To help introduce electric vehicles into the market, both the federal and state governments have teamed together to create motivational incentives for the purchasers of EVs.
In the state of Florida, for example, a law was passed that requires all car sellers to provide customers with information about the state's EV incentives package. Some of these incentives included a sales tax exemption for up to five years, protection from any surcharge on insurance premiums without actuarial data, and no more emission inspections.
The states of California and New York both passed legislation that required 2% of all cars sold in 1998 to be zero emissions vehicles. Automakers succeeded in appealing the New York mandate, but the California mandate still stands. In fact, 10% of all cars sold in California in 2003 have to be zero emissions vehicles.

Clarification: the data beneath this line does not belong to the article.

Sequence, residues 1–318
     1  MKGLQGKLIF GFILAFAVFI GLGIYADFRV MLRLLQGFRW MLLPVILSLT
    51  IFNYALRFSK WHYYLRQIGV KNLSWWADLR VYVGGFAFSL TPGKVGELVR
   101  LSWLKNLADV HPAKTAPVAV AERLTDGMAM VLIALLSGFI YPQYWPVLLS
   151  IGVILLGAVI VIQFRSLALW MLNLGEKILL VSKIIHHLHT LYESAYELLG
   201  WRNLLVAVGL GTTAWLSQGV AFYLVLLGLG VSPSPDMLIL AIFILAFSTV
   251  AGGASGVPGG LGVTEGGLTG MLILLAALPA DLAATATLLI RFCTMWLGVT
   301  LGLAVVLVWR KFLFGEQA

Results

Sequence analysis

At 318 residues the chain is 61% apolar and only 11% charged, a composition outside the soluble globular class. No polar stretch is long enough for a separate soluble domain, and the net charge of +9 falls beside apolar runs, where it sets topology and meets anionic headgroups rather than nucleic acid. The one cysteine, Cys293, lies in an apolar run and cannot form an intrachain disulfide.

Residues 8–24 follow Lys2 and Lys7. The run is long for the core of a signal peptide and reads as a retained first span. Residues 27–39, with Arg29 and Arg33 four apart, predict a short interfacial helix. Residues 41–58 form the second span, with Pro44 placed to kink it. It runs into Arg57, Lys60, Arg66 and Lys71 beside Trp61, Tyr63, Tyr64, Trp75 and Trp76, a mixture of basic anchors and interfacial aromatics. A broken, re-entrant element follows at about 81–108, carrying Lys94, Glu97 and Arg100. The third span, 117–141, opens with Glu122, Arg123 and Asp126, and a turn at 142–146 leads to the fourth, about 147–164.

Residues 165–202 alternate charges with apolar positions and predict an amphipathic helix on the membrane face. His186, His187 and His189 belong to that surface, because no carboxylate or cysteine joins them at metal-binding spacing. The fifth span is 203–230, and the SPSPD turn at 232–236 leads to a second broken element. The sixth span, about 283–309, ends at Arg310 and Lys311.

The federal government provides subsidies for many types of electric vehicles. This helps lower the cost of EVs and make them more affordable for the average consumer. Many state governments also provide huge tax incentives for companies who purchase fleets of EVs.
The state and federal governments hope that these incentives will increase the popularity of EVs and lower the pollution levels in states like California.
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